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Watch: How to survive a free-falling elevator

Lonely Planet offers its advice on how to live through an elevator crash. But is the information really sound?

Jumping won't work, but will Lonely Planet's advice? Video screenshot by Michael Franco/CNET

Let's say you're an international spy and a dastardly villain has just used his laser eye to cut the cable to your elevator car, sending you plunging hundreds of stories to your death. Everyone knows the best way to survive such a fate would be to jump just before you hit, right?

Well, not really. As proven by the MythBusters, that just doesn't work. But a super-spy doesn't just give up.

As part of a promotion for a book entitled "How to Survive Anything," travel-book giant Lonely Planet has just released a series of videos showing how to survive a variety of situations from getting locked out of your hotel room naked, to yes -- how to emerge from a plunging elevator alive.

Note that steps given in the Lonely Planet video, embedded below, are in contradiction to the advice Eliot H. Frank, at the time a research engineer for the Center for Biomedical Engineering at the Massachusetts Institute of Technology, gave to a New York Times reader in 2012.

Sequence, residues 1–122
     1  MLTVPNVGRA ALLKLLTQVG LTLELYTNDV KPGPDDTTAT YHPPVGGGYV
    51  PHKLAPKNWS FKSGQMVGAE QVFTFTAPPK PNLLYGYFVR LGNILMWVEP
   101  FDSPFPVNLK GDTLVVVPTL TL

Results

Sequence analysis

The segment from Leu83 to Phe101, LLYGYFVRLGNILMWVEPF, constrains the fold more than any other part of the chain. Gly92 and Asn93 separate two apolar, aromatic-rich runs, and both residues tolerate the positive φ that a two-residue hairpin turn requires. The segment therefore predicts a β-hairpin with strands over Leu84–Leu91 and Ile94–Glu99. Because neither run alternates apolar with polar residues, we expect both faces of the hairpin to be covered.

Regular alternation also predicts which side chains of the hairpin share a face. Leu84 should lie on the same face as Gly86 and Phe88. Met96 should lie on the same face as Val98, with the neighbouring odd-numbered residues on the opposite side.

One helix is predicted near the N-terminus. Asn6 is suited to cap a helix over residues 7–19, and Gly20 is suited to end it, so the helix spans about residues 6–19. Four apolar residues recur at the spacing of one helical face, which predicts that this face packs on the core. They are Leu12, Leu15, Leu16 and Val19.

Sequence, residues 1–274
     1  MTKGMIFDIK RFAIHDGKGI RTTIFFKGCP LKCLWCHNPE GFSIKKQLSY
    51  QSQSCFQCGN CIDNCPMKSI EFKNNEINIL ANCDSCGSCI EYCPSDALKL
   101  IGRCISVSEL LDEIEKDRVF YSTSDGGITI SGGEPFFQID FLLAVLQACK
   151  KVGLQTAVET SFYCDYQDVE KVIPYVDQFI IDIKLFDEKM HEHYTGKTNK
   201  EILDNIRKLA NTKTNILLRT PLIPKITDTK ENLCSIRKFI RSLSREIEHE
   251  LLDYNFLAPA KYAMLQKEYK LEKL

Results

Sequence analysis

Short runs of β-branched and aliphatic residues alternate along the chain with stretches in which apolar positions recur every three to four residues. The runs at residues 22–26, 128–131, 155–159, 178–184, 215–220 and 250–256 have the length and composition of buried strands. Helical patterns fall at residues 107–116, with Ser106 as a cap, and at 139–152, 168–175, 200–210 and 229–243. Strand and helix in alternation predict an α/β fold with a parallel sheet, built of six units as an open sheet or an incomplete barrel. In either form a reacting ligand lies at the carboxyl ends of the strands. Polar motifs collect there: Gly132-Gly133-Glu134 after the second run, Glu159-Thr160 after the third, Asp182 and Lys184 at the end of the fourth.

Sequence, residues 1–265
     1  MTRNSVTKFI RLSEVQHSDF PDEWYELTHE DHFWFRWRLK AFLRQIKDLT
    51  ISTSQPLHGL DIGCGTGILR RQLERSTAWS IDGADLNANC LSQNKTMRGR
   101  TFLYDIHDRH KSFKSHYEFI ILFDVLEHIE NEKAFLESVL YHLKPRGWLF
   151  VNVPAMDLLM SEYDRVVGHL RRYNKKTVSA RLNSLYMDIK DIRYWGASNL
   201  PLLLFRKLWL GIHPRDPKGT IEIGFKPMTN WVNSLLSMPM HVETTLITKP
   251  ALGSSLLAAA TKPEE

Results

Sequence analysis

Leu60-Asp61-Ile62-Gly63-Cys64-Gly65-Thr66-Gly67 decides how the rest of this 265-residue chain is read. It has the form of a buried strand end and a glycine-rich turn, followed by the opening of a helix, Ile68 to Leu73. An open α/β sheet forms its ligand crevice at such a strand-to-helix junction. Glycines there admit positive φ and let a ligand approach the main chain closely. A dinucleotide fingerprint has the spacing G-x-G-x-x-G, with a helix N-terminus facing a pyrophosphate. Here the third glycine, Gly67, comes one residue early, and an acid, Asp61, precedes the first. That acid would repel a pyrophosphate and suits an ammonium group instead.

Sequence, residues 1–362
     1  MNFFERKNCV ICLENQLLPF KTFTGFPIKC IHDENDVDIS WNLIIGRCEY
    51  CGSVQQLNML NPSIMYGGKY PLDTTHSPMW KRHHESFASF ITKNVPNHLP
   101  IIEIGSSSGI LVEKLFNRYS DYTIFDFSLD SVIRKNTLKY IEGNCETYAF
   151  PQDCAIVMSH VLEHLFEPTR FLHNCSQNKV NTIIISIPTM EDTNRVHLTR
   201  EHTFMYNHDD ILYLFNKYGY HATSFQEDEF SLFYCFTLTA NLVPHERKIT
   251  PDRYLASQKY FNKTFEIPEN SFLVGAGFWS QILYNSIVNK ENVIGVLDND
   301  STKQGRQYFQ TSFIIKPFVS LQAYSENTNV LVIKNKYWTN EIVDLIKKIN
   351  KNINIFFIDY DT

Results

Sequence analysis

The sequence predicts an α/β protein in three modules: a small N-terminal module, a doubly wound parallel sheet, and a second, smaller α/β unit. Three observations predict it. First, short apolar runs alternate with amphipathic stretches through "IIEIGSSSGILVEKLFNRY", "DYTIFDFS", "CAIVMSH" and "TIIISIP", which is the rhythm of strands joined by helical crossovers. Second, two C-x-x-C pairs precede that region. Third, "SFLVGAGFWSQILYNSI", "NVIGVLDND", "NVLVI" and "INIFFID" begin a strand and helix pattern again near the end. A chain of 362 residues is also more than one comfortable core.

Frank said that the best course of action would be to lie flat on the floor to distribute the impact across your whole body. And he specifically said not to bend your knees or brace yourself (two pieces of advice given in the Lonely Planet video) because "at high G-forces, your legs would simply not be able to support the weight of your body. Even the weight of your own head would be too much for your neck to support."

So it's pretty much your call. Will you go with the travel book publisher, or an MIT scientist? My advice? Stick with the engineer on this one, but go with Lonely Planet on the naked-in-your-hotel thing. They really do have some good ideas for that situation.